FROM Maine to Texas, coastal homeowners are being hit as never before. This time, though, the damage is being done not by more devastating hurricanes but by huge insurance bills.
Premiums running two, three, or even 12 times higher than last year are raising cries of price gouging from consumer advocates, although the insurance industry insists that it's only protecting itself against future risk.
Given the $57 billion tab the industry paid after the wrath of Hurricane Katrina in 2005, that view should have some credence. Then again, property and casualty insurers reported total profits of $43.2 billion last year, despite the Katrina hit.
Once again, we are struck by the seemingly contradictory situation of heavy losses in one part of the country and heavy profits overall. But, since insurance is all about the business of risk in a given area, the industry contends there is no other way to set premiums.
Tell that to the owners in a 36-unit condominium in Orange Beach, Ala., where, according to a New York Times report, the insurance bill has risen from $34,790 last year to $429,182 - an increase of more than 12-fold.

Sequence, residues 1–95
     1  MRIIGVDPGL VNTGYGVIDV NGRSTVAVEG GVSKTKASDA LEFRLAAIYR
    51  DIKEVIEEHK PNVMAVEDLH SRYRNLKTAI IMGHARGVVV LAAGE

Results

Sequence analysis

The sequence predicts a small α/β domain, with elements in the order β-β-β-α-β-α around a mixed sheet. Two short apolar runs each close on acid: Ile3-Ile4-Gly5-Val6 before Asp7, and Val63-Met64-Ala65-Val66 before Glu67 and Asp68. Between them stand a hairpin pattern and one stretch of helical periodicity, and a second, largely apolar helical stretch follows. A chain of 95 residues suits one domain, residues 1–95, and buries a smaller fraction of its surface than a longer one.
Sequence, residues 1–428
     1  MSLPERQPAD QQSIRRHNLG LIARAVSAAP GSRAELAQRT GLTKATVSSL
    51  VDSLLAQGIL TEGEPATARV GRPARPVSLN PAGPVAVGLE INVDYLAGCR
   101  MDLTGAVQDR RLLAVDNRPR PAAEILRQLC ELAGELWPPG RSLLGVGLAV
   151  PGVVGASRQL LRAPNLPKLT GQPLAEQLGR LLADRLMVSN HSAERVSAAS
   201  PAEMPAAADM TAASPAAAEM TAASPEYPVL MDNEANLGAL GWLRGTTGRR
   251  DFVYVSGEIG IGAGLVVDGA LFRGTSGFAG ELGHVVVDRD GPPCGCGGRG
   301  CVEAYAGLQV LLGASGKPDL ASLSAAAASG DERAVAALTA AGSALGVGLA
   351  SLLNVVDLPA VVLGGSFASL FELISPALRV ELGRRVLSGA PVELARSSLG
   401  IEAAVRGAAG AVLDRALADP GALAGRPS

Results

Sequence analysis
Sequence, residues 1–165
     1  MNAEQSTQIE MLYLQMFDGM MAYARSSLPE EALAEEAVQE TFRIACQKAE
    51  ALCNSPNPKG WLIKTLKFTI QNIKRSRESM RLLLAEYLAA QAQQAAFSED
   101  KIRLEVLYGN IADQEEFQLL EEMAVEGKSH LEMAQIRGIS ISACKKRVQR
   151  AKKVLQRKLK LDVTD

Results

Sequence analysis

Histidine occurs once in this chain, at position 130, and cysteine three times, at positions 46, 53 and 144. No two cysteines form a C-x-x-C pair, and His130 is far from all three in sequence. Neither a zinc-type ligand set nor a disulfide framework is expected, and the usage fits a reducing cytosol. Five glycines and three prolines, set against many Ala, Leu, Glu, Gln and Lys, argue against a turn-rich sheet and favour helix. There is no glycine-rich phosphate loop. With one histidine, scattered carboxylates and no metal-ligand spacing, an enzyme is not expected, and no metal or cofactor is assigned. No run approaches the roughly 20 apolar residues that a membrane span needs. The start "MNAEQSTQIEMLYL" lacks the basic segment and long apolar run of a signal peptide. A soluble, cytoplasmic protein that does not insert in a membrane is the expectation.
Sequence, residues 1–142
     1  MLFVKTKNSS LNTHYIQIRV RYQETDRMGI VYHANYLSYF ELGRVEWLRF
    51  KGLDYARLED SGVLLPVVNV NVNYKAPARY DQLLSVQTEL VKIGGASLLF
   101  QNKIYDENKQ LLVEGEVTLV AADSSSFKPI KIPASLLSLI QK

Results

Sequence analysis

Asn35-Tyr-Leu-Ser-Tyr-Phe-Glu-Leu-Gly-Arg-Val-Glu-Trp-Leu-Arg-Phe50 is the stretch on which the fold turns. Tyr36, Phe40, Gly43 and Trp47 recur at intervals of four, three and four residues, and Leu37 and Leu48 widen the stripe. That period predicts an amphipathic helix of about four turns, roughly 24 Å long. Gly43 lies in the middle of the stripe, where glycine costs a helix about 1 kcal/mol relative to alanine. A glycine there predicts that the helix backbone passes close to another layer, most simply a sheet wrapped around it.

In any event, unexpected increases in premiums are causing some property owners to seriously question the wisdom - not to mention affordability - of living on the seacoast. And that's as it should be.
Coastal dwelling is a highly prized lifestyle, but its volatile costs in the event of natural disaster should not be subsidized by inland property owners or by government-run insurance programs fed by tax dollars.
It's a matter of equity. Too often in our nation's history have states or the federal government succumbed to the entreaties of influential real estate developers to help insure property in flood plains near rivers or in hurricane zones along the coast.
This does not mean that insurance companies should be free to gouge customers. The industry must be closely monitored to ensure that it is not taking undue advantage of homeowners, whether they live in West Toledo or a condo in Boca Raton.